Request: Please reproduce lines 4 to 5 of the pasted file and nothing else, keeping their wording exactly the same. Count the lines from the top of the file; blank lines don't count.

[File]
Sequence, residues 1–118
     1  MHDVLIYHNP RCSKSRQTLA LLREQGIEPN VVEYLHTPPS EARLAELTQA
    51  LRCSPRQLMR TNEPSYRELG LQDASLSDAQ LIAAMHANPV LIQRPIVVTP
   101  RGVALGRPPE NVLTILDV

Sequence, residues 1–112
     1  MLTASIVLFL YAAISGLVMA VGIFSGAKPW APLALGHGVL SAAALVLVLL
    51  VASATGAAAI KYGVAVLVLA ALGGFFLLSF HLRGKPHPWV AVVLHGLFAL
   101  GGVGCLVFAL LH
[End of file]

   101  RGVALGRPPE NVLTILDV

Sequence, residues 1–112